Colorectal Cancer Prevention (PDQ®): Prevention – Patient Information [NCI]
This information is produced and provided by the National Cancer Institute (NCI). The information in this topic may have changed since it was written. For the most current information, contact the National Cancer Institute via the Internet web site at http://cancer.gov or call 1-800-4-CANCER.
What is prevention?
Cancer prevention is action taken to lower the chance of getting cancer. By preventing cancer, the number of new cases of cancer in a group or population is lowered. Hopefully, this will lower the number of deaths caused by cancer.
To prevent new cancers from starting, scientists look at risk factors and protective factors. Anything that increases your chance of developing cancer is called a cancer risk factor; anything that decreases your chance of developing cancer is called a cancer protective factor.
Some risk factors for cancer can be avoided, but many cannot. For example, both smoking and inheriting certain genes are risk factors for some types of cancer, but only smoking can be avoided. Regular exercise and a healthy diet may be protective factors for some types of cancer. Avoiding risk factors and increasing protective factors may lower your risk, but it does not mean that you will not get cancer.
Different ways to prevent cancer are being studied, including:
- Changing lifestyle or eating habits.
- Avoiding things known to cause cancer.
- Taking medicines to treat a precancerous condition or to keep cancer from starting.
General Information About Colorectal Cancer
Colorectal cancer is a disease in which malignant (cancer) cells form in the tissues of the colon or the rectum.
The colon is part of the body’s digestive system. The digestive system removes and processes nutrients (vitamins, minerals, carbohydrates, fats, proteins, and water) from foods and helps pass waste material out of the body. The digestive system is made up of the mouth, throat, esophagus, stomach, and the small and large intestines. The colon (large bowel) is the first part of the large intestine and is about 5 feet long. Together, the rectum and anal canal make up the last part of the large intestine and are 6 to 8 inches long. The anal canal ends at the anus (the opening of the large intestine to the outside of the body).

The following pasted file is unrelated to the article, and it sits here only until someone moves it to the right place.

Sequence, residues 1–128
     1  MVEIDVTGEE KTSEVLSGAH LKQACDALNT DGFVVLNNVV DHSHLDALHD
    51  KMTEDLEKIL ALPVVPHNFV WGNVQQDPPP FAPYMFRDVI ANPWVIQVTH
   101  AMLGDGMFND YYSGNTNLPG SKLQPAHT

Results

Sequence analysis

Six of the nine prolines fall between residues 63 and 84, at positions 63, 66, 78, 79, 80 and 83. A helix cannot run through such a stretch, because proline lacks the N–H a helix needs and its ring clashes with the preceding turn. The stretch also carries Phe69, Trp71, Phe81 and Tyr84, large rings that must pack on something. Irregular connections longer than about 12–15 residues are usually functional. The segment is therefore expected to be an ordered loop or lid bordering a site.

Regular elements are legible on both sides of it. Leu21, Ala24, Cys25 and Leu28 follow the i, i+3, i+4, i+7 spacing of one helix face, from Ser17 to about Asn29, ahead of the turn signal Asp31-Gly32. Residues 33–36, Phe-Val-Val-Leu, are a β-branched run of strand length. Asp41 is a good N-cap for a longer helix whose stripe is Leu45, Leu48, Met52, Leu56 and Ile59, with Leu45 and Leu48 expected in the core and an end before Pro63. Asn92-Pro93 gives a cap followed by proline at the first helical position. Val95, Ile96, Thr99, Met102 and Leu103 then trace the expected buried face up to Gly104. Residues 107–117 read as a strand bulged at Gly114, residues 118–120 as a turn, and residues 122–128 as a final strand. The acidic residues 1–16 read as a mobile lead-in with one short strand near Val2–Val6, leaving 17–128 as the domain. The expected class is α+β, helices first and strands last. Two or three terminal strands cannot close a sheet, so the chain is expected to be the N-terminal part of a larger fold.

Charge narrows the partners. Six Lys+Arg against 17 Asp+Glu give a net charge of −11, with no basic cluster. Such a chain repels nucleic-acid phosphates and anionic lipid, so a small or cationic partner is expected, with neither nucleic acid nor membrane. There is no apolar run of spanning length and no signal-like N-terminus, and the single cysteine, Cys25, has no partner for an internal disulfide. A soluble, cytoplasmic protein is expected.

Anatomy of the lower digestive system, showing the colon and other organs.
Cancer that begins in the colon is called colon cancer, and cancer that begins in the rectum is called rectal cancer. Cancer that affects either of these organs may also be called colorectal cancer.
See the following PDQ summaries for more information about colorectal cancer:
- Colorectal Cancer Screening
- Colon Cancer Treatment
- Rectal Cancer Treatment
- Genetics of Colorectal Cancer
Colorectal cancer is the third leading cause of death from cancer in the United States.
The number of new colorectal cancer cases and the number of deaths from colorectal cancer are both decreasing a little bit each year in adults aged 55 and older. However, in adults younger than 55 years, the number of new colorectal cancer cases has slowly increased in recent years. The number of new colorectal cancers and deaths from colorectal cancer are higher in African Americans than in other races.
Finding and treating colorectal cancer early may prevent death from colorectal cancer. Screening tests may be used to help find colorectal cancer.
Colorectal Cancer Prevention
Avoiding risk factors and increasing protective factors may help prevent cancer.
Avoiding cancer risk factors may help prevent certain cancers. Risk factors include smoking, being overweight, and not getting enough exercise. Increasing protective factors such as quitting smoking and exercising may also help prevent some cancers. Talk to your doctor or other health care professional about how you might lower your risk of cancer.
The following risk factors increase the risk of colorectal cancer:
The risk of colorectal cancer increases after age 50. Most cases of colorectal cancer are diagnosed after age 50.
Family history of colorectal cancer
Having a parent, brother, sister, or child with colorectal cancer doubles a person’s risk of colorectal cancer.
Having a personal history of the following conditions increases the risk of colorectal cancer:
- Previous colorectal cancer.
- High-risk adenomas (colorectal polyps that are 1 centimeter or larger in size or that have cells that look abnormal under a microscope).
- Ovarian cancer.